California was drying up and sinking on New Year’s Day after abrought torrential rain or heavy snowfall to much of the state, clogging traffic and closing major highways.
Dozens of drivers were rescued on New Year’s Eve along Interstate 80 near Lake Tahoe after cars spun through snow during the blizzard, the California Department of Transportation said. The key route to the mountains from the San Francisco Bay Area reopened early Sunday to passenger vehicles with chains.
“Roads are extremely slippery, so let’s all work together and slow down so we can keep I-80 open,” the California Highway Patrol said on Twitter. Several other freeways, including State Route 50, have also reopened.
More than 4 feet (1.2 meters) of snow had accumulated in the upper Sierra Nevada, and the Mammoth Mountain Ski Area said the heavy, wet snow would cause major delays in the opening of the chairlifts. On Saturday, the resort reported numerous lift closures, citing high winds, low visibility and ice.
In the state capital, crews cleared downed trees from roads and sidewalks as at least 40,000 customers were still without power early Sunday, up from more than 150,000 a day earlier, according to an online map of the Municipal District of Sacramento.
The National Weather Service extended the flash flood warning Sunday after a levee failure on the Cosumnes River in East Central Sacramento County.
A so-calledstorm drew in a long, wide plume of moisture from the Pacific Ocean. Flooding and landslides closed portions of roads across the state.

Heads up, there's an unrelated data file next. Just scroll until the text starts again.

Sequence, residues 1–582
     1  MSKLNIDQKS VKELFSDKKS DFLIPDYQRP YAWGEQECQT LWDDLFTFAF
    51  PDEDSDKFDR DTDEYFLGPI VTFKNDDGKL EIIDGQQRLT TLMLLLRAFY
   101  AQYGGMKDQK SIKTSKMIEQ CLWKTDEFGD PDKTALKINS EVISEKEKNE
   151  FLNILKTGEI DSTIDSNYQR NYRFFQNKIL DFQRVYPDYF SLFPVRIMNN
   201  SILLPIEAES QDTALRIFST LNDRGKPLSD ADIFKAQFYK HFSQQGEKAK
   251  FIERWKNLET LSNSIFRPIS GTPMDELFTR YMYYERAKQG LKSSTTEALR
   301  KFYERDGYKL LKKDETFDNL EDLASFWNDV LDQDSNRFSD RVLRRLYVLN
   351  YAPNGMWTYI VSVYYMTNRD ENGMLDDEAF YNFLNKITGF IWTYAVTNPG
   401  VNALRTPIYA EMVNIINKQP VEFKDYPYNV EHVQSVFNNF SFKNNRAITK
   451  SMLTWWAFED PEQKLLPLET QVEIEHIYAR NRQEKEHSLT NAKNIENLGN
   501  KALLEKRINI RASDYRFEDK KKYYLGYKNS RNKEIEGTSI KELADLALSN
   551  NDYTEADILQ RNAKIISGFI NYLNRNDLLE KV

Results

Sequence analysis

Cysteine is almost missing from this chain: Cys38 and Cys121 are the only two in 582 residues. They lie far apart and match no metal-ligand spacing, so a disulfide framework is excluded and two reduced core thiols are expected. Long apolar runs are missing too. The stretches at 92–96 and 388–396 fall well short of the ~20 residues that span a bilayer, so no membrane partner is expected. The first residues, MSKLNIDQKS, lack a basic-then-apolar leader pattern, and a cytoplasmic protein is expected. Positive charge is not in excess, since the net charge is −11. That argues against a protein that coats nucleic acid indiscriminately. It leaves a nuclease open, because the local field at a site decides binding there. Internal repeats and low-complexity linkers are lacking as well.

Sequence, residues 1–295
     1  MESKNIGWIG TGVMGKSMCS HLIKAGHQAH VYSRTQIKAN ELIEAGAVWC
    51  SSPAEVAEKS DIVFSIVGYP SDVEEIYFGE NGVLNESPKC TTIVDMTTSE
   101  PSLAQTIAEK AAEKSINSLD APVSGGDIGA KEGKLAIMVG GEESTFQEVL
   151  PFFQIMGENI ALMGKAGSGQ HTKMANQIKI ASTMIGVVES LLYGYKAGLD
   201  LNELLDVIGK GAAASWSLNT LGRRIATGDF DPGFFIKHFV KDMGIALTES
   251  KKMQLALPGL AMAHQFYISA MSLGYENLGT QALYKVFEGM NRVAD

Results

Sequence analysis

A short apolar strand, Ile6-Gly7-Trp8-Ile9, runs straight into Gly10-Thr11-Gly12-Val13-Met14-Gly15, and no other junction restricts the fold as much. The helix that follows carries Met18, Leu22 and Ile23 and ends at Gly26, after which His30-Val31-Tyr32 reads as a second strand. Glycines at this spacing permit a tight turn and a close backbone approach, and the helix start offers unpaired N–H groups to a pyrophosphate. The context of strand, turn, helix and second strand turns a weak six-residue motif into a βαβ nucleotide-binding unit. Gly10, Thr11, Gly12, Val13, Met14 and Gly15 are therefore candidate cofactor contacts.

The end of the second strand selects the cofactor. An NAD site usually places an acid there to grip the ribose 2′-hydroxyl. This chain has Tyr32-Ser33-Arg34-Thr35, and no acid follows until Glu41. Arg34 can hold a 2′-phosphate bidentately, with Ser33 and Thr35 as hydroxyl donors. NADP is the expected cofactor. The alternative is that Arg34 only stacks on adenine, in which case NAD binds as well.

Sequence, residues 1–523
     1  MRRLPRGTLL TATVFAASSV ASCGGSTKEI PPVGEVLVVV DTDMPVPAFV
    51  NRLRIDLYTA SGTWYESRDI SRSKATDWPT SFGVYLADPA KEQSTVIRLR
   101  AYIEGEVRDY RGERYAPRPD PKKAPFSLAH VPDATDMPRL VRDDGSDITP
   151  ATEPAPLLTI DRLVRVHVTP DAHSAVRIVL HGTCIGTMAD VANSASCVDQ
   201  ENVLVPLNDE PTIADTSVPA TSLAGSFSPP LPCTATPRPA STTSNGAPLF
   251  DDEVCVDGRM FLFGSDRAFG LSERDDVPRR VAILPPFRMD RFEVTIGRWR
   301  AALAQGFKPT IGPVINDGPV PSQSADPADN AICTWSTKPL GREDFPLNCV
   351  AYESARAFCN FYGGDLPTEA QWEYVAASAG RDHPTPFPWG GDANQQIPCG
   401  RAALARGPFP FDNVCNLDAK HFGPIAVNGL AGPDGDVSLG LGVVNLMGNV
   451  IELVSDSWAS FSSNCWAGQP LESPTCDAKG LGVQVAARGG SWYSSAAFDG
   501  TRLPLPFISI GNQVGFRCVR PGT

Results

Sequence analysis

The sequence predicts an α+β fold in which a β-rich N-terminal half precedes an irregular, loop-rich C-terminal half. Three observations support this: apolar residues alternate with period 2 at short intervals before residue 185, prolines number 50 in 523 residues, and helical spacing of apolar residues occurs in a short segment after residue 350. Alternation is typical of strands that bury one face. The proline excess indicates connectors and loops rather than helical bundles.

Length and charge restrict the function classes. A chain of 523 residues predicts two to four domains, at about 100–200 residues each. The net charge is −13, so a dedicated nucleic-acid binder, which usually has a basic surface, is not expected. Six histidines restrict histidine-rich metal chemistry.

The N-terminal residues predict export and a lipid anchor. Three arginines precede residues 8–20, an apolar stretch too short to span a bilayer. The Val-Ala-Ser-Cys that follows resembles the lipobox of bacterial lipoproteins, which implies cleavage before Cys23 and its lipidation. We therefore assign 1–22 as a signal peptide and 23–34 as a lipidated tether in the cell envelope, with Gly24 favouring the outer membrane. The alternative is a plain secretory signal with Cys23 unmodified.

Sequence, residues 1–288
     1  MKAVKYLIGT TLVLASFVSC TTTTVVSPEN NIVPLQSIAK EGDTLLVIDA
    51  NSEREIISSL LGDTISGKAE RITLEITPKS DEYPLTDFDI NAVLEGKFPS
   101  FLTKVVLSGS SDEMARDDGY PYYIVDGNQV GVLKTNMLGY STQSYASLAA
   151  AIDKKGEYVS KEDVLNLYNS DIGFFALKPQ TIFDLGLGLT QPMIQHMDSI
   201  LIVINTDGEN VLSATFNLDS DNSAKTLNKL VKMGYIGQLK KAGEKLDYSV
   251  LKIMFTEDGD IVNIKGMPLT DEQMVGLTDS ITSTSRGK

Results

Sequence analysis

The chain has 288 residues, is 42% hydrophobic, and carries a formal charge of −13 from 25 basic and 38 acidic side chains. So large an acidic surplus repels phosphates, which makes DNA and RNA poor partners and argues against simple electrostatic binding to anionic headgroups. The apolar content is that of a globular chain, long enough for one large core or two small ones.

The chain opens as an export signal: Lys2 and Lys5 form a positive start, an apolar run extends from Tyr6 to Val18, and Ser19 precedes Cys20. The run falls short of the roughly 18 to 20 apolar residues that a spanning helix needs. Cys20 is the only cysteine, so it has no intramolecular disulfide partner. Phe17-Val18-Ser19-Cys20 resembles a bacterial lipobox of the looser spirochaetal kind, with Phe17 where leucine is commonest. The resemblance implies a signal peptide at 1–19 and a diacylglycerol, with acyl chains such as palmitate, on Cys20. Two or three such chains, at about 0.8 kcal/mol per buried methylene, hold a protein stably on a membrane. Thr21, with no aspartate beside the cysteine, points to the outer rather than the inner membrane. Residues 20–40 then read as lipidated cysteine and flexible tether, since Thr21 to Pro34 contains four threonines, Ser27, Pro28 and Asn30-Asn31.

Rainfall in downtown San Francisco reached 5.46 inches (13.87 cm) on New Year’s Eve, making it the second wettest day on record, behind a deluge in November 1994, said the National Weather Service. Videos on Twitter showed mud-colored water flowing down the streets of San Francisco, and a staircase in Oakland turned into a veritable waterfall by heavy rain.
In Southern California, several people have been rescued after floodwaters inundated cars in San Bernardino and Orange counties. No major injuries were reported.
With the area drying up on New Year’s Day and no rain expected during Monday’s Rose Parade in Pasadena, spectators have started staking out their seats for the annual flower show.
The rain was welcomed in drought-scorched California. The past three years have been the driest on record in the state, but it takes a lot more precipitation to make a significant difference.
It was the first of several storms expected to cross the state within a week. Saturday’s system was warmer and wetter, while this week’s storms will be colder, said Hannah Chandler-Cooley, a meteorologist with the National Weather Service in Sacramento.
The Sacramento area could receive a total of 4 to 5 inches (10 to 13 centimeters) of rain during the week, Chandler-Cooley said.
Another round of heavy downpours was also forecast for Southern California on Tuesday or Wednesday, the National Weather Service’s Los Angeles-area office said.